7 Limitations of Molecular Docking & Computer Aided Drug Design and Discovery




7 Limitations of Molecular Docking & Computer Aided Drug Design and Discovery

Over the past decades, molecular docking has become an important element for drug design and discovery.  Many novel computational drug design methods were developed to aid researchers in discovering promising drug candidates. In the recent years, with the rapid development of faster architectures of  Graphics Processing Unit (GPU)-based clusters and better machine algorithms for high-level computations, much progress has been made in areas such as scoring functions,  search methods and ligand-receptor interaction for living cells and other approaches for drug design and discovery.  

A large number of successful applications have been reported using a variety of docking techniques. However, despite their success in academic environment for concept validation, their real life application is very limited. There are many obstacles and number of issues remain unsolved. In this article Dr. Amit Ray, explains the key obstacles and challenges of molecular docking methods for developing efficient computer aided drug design and discovery (CADD) methods.   Dr. Ray argued incomplete understanding of the underlying molecular processes of the disease it is intended to treat may limit the progress of drug discovery. Here, the seven limitations of present CADD methods are discussed. 

 7 obstacles of Molecular docking & Computer aided drug design

In vivo, In vitro and In silico:  Experimentation for Drug Discovery 

Experimentation for Drug Discovery pathways are classified into three groups: in vivo, in vitro and in silico. In vivo refers to experimentation within the living organism. Animal studies and clinical trials are two forms of in vivo research. In vitro refers to experimentation outside living organisms. Here, studies are performed with microorganisms, cells, or biological molecules in test tubes and flasks.  In silico is an expression used to mean “performed on computer or via computer simulation.”  

In viov process is difficult and complex. Because it is difficult or impossible to find volunteers to test the performance of a given treatment without endangering them. However, in silico process is easy, as with the advancement of medical imaging, computational power, and numerical algorithms and models, medical and pharmaceutical companies now can reproduce human environments. 

Computer-aided drug design and discovery methods

Computer-aided drug design and discovery (CADD) methods are broadly classified into two groups: structure-based methods and ligand-based methods. The most popular and successful methods in drug discovery are structure-based approach. Structure-based approaches are commonly employed to screen large small-molecule datasets, such as online data-banks or smaller sets such as tailored combinatorial chemistry libraries. The structure based drug design works when we know the structure of the target and the ligand based drug design is used when we do not know the structure of the target, their ligand and their potency. Ligand-based CADD exploits the knowledge of known active and inactive molecules through chemical similarity searches or construction of predictive, quantitative structure-activity relation (QSAR) models. With structure based approach, one tries to calculate binding affinity score between a target and a candidate molecule based on a 3D structure of their complex.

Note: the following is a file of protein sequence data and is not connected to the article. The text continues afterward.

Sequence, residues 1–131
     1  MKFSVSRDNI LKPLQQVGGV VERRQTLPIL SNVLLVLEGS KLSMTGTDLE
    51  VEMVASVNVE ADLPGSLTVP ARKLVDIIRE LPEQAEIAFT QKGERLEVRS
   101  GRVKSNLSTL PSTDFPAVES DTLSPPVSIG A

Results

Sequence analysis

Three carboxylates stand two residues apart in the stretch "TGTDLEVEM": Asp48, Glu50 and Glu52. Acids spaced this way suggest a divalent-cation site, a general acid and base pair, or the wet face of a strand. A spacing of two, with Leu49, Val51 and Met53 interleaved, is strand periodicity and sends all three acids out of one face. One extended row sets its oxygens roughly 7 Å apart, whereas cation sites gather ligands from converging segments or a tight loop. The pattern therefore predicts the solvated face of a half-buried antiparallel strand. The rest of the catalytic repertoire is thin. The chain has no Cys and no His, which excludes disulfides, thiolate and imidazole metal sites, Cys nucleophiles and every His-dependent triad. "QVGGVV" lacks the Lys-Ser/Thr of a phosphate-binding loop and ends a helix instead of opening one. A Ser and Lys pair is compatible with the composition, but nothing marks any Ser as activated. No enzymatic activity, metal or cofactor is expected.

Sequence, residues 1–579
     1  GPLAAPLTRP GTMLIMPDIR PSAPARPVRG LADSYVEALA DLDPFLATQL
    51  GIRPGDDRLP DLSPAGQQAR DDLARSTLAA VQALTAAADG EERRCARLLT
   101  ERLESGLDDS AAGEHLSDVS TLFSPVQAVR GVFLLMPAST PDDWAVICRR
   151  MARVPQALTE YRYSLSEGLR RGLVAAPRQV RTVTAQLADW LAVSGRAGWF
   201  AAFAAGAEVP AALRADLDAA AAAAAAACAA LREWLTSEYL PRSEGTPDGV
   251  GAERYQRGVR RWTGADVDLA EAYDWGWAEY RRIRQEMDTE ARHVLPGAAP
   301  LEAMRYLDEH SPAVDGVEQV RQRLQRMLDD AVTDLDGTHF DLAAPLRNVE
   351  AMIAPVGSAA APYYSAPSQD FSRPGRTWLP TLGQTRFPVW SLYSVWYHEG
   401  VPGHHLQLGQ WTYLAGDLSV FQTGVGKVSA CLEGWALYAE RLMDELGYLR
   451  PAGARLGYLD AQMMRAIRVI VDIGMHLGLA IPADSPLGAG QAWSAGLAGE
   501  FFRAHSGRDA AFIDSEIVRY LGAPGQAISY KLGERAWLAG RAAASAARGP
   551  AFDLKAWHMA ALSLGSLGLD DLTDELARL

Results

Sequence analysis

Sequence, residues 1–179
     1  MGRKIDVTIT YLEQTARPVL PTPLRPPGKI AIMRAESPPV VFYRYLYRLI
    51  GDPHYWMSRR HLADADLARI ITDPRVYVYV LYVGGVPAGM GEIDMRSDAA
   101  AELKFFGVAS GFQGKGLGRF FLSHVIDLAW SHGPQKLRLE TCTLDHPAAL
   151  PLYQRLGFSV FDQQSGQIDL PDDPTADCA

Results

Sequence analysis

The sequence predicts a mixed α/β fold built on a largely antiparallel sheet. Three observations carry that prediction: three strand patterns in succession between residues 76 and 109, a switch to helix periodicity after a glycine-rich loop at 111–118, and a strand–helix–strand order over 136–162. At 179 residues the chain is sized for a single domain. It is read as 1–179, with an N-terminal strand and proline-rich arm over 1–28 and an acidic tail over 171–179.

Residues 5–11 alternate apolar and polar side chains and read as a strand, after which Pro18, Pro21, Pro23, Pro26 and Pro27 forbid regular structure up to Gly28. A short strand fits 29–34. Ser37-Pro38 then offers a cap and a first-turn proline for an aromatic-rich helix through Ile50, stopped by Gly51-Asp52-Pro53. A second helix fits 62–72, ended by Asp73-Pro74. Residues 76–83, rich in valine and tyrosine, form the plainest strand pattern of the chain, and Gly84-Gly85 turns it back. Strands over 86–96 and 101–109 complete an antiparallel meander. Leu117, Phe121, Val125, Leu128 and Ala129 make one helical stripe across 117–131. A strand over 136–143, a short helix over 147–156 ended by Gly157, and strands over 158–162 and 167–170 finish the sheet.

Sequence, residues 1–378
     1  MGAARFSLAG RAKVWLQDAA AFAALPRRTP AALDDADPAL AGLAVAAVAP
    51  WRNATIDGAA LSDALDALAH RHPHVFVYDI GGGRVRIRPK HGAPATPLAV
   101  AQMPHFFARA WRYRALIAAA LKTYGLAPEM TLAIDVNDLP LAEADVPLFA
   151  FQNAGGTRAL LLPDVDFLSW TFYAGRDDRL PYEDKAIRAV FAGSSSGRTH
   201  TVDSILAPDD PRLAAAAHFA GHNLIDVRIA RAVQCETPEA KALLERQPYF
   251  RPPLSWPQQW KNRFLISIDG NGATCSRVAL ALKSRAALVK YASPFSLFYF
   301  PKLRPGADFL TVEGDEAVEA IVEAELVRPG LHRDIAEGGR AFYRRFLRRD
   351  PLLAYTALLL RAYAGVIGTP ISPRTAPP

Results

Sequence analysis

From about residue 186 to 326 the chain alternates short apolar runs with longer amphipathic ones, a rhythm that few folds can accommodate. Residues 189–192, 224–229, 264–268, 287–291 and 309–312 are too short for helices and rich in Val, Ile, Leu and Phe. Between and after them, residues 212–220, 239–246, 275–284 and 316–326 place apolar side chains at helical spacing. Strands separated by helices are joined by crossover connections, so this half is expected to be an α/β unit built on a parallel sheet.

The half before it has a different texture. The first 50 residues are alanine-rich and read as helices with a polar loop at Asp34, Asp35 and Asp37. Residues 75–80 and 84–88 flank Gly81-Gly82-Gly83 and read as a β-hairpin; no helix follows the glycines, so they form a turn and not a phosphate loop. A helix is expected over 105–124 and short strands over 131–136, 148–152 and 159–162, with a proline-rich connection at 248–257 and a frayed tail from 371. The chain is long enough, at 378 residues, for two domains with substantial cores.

Molecular Docking

Docking is an automated computer algorithm that determines how a compound will bind in the active site of a protein. Protein–ligand docking algorithm is most popular. It consists of two main steps: conformation generation and scoring.

The conformation generation techniques uses sampling techniques to generate different ligand orientations at different positions inside the protein binding pocket. Each of these conformations are evaluated by a scoring function. The highest scoring ligand conformations are ranked in a list as a result. In flexible ligand docking, the size of the conformational space or the search space depends on the volume of the protein binding pocket and the number of rotatable bonds of the ligand of interest. In the energy landscape of the search space is determined by the energetic properties of protein–ligand binding which is more complex and rugged in shape.

To be able to search quickly and intelligently over the huge conformational space, heuristic or meta-heuristic algorithms are used. Often they settled on near-optimal solutions instead of the global optimum solutions.  Current researches are mostly focused on finding the global optimum solutions. Finding the global minimum or the complete set of low energy minima on the free energy surface when two molecules come in contact is commonly referred as the “docking problem”.

Search Algorithms for Drug Design

Every docking process can be described as a combination of a search algorithm and a scoring function. The search algorithm generates a large number of poses of a small molecule in the binding site. The docking methods extensively employ search algorithms based on Monte Carlo, genetic algorithm, fragment-based and molecular dynamics. The commonly used stochastic or random approaches are: Monte Carlo, simulated annealing, evolutionary algorithms,  and Swarm Optimization.

A piggyback or drug re-positioning approach to drug discovery

Two alternative drug discovery strategies: de novo drug discovery and piggy-back strategies. 

The ‘piggyback’ approach, utilizes identified active compounds that have already been thoroughly evaluated as drugs or leads, as starting points in drug development. The label extension strategies on the other hand, involves extending indications of an existing treatment to another disease.

Drug repurposing (also known as drug repositioning) aims at identifying new uses for already existing drugs. A popular strategy for academic groups has been to “re-purpose” or reuse existing chemical matter, target knowledge, and other data from human or animal drug discovery campaigns in order to cut down on the time and cost of advancing a program from hit to lead to clinical candidate.